• April 15th: Marble 1.1.0

This release is not aligned with the other KDE applications and will therefore not be (fully) translated. On the plus side, the library is ABI compatible with the one used in Marble 1.0. Marble 1.1 brings many new features for the Desktop — see Torsten’s blog for an overview. This blog post is concerned with new features in the Maemo version that runs on the Nokia N900.

We replaced a couple of dialogs with stackable windows, which leave more space and feel more intuitive. As a nice side effect, the turn instructions now open in their own stackable window, fixing the annoying scrolling problem in the routing dialog.

A couple of people complained that the overview map in the top left corner had little use. You can now hide it (without editing the configuration file). The same goes for all the other info boxes.

If you upgrade from Marble 1.0 and used the “Download Region” feature a lot, the installation might take a bit longer than usual: We’re now sharing OpenStreetMap data with other applications like mappero and the data you downloaded within Marble is moved to the shared location during the installation. Sharing data means that you can download map data with mappero and view it in Marble (or vice versa). In the end it helps to save some disk space and reduces network traffic. On my N900, the migration moved 3.6 GB of OSM tiles from Marble to the shared directory which had a size of 2.5 GB. Since most of the tiles in the shared directory were duplicates, the shared directory only grew to 3.8 GB. That’s pretty neat, saving more than 2 GB for me.

One of the much requested features is voice navigation. We’ll ship a preliminary version with Marble 1.1. You can choose between sound output (turn points are announced with a sound) and speakers. We don’t ship any speaker with our packages, but you can use TomTom voices: Download one of the free ones (some websites offer them for personal use), convert it with our web frontend and copy it to your N900. A Userbase article has all the details you need. Enjoy :-)

For future versions we plan to include distance estimations in the output. Additionally we’d like to ship a custom Marble speaker, granted we can fund some money for a professional speaker.


Marble 1.0.0 now available in Maemo extras

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Published on: February 4, 2011

Version 1.0.0 of our mobile Virtual Globe comes with an improved user interface, is significantly faster and brings a lot of new navigation features to your Nokia N900. It is the first version available in the Maemo extras repository. This means that you can install it directly from the application manager of your N900.

“Find your way and explore the world with Marble” is the tagline that decorates the Marble 1.0 release. “Marble is a Virtual Globe with advanced routing capabilities. Use it as your personal navigation device to guide you to any destination in the world. Download maps from a variety of themes and explore the surroundings. Record your trip and share it with your friends.“, our package description continues. Let’s look into that in detail.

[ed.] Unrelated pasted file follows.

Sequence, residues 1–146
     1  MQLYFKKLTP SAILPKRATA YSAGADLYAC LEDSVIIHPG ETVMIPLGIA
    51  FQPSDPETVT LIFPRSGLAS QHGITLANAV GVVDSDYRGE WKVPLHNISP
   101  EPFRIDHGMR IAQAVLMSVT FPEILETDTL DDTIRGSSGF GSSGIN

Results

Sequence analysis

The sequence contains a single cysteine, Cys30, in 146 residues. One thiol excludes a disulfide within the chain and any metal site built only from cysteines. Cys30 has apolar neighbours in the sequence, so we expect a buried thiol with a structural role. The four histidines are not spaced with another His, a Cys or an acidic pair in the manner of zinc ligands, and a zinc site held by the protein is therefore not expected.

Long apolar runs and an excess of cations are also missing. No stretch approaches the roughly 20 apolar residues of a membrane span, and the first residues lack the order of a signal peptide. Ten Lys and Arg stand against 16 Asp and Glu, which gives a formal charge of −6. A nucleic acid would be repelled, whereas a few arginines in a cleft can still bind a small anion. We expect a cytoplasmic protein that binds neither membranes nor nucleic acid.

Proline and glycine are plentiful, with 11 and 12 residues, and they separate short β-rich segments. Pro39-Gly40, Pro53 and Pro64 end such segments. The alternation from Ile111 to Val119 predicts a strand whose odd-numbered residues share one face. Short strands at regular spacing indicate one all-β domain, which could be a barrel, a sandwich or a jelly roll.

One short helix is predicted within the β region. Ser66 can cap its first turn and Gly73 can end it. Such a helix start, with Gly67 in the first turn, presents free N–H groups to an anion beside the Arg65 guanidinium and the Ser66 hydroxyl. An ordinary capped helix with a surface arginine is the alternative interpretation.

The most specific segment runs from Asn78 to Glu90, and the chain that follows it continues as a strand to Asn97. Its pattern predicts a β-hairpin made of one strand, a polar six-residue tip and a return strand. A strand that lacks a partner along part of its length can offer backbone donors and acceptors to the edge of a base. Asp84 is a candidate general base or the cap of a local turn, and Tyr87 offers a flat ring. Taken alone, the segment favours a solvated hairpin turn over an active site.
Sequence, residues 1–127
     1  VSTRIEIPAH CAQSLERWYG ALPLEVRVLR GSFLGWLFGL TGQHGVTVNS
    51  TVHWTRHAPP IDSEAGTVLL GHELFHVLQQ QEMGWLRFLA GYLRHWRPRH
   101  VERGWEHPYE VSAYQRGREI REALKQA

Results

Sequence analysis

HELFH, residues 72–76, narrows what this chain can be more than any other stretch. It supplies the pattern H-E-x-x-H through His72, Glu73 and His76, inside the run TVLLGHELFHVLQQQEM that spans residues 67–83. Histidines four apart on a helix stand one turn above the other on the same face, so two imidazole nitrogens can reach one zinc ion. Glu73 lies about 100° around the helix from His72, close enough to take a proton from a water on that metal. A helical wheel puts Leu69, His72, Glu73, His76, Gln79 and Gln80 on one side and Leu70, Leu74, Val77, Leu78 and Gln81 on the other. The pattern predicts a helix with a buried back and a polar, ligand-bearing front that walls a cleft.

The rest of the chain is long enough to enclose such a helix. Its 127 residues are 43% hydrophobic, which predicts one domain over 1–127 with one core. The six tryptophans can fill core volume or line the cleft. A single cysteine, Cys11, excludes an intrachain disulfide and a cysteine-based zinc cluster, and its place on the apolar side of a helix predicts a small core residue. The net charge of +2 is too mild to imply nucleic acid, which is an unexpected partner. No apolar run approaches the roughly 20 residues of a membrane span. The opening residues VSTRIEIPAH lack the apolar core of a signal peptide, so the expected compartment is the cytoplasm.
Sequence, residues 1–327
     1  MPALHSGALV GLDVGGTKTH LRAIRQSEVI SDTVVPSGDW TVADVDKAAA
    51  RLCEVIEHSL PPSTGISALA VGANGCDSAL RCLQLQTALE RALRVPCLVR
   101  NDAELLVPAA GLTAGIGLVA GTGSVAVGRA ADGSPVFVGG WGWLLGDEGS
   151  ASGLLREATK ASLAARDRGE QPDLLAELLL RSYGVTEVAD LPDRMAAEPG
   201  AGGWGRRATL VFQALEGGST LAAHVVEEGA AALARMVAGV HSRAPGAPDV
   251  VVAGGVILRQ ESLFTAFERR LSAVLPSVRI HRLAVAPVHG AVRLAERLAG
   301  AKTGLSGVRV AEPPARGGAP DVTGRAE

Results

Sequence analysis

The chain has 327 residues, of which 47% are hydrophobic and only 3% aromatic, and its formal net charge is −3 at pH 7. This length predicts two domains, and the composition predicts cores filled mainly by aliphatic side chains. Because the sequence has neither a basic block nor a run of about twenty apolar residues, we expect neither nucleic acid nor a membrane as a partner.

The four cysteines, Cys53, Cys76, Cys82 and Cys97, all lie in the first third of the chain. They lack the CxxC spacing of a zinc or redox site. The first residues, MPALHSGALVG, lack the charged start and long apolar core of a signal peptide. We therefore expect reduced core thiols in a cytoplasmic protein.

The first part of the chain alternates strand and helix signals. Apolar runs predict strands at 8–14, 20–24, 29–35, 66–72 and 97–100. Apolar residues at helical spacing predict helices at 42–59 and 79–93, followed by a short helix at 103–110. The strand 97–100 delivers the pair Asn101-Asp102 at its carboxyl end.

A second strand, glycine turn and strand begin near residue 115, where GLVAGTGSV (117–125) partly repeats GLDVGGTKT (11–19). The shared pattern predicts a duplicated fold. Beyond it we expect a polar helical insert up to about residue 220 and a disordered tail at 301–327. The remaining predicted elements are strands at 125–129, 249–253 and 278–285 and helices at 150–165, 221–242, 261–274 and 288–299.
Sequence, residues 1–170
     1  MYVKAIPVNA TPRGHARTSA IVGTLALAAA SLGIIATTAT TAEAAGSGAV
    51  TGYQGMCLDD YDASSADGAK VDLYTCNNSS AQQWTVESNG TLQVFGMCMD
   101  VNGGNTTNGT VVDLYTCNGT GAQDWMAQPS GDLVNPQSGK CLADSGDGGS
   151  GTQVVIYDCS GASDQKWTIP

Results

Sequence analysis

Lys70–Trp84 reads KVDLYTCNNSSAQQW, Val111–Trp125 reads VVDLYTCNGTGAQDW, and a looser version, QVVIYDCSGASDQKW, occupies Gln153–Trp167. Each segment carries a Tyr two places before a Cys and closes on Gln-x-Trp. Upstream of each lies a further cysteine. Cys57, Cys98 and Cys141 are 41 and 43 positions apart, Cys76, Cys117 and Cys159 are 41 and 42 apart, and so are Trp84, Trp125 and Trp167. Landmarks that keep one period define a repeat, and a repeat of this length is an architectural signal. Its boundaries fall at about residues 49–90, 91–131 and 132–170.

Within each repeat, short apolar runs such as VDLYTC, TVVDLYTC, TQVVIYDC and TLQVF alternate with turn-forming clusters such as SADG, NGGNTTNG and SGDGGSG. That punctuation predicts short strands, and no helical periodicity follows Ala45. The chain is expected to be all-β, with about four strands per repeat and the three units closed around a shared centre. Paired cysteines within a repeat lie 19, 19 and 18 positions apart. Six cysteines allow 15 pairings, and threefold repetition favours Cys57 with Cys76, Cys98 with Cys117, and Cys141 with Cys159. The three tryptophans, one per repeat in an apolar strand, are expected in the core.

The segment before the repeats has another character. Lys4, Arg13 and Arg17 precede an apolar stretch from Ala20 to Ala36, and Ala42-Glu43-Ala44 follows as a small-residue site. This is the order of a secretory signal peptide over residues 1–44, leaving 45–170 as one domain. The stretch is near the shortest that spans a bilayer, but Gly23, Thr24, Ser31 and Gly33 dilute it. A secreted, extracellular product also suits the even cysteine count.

Online and Offline Routing

When an Internet connection is available, Marble can retrieve routes from OpenRouteService (Europe) and Yours (Worldwide). An arbitrary number of via-points is supported. Furthermore routing profiles can be created that define which routing backends are run with which configuration. The default configuration sets up motorcar routing (fastest and shortest) as well as bike and pedestrian routing.

Additionally you can calculate routes directly on the N900 without the need for an Internet connection using the Monav backend.

Offline routing requires additional country maps which can be downloaded conveniently from within Marble.

See this tutorial for further instructions.

GPS Tracking and Route Guidance Mode

The internal GPS of the N900 is used to retrieve your current location. The track is shown in the map (red line) and can be saved for further analysis in other programs.

In route guidance mode, driving instructions are announced in front of turn points. The map follows you as you move; Marble adjusts the zoom value automatically according to your speed.

Please see the GPS Tracking and the Guidance Mode tutorials for more information.

Themable Maps in Different Projections

A wide variety of map themes is supported, each consisting of one or more layers. The interactive legend can be used to adjust the current map theme to your liking.

Note that not all map themes can be shipped due to legal reasons. Google Maps or Ovi Maps themes are therefore not shipped, for example.

And More…

Translations for more than 40 languages are included. Compared to Marble 0.10, the first version available for the N900, Marble 1.0 is significantly faster. The OpenStreetMap theme in Mercator projection (default settings) for example renders more than ten times faster thanks to various optimizations. The hard to operate tab widget on the left is now replaced by dialogs. We plan to continue to improve the user interface, speed and memory consumption in future versions.

If you’re interested in Marble on the N900, don’t miss our KDE Userbase tutorials. You can install Marble directly from Maemo’s application manager. Please give feedback on the Marble download page, our mailing list or in the #marble IRC channel on Freenode.

Please note: Some of the screenshots above show map themes from the marble-maps package. This package is still in extras-testing, waiting for at least three more testers before it can be promoted to extras. The same holds for monav-routing-daemon, the offline routing backend. If you can spare some time, please become a tester and vote for marble-maps 1.0.0 and monav-routing-daemon. Thanks :-)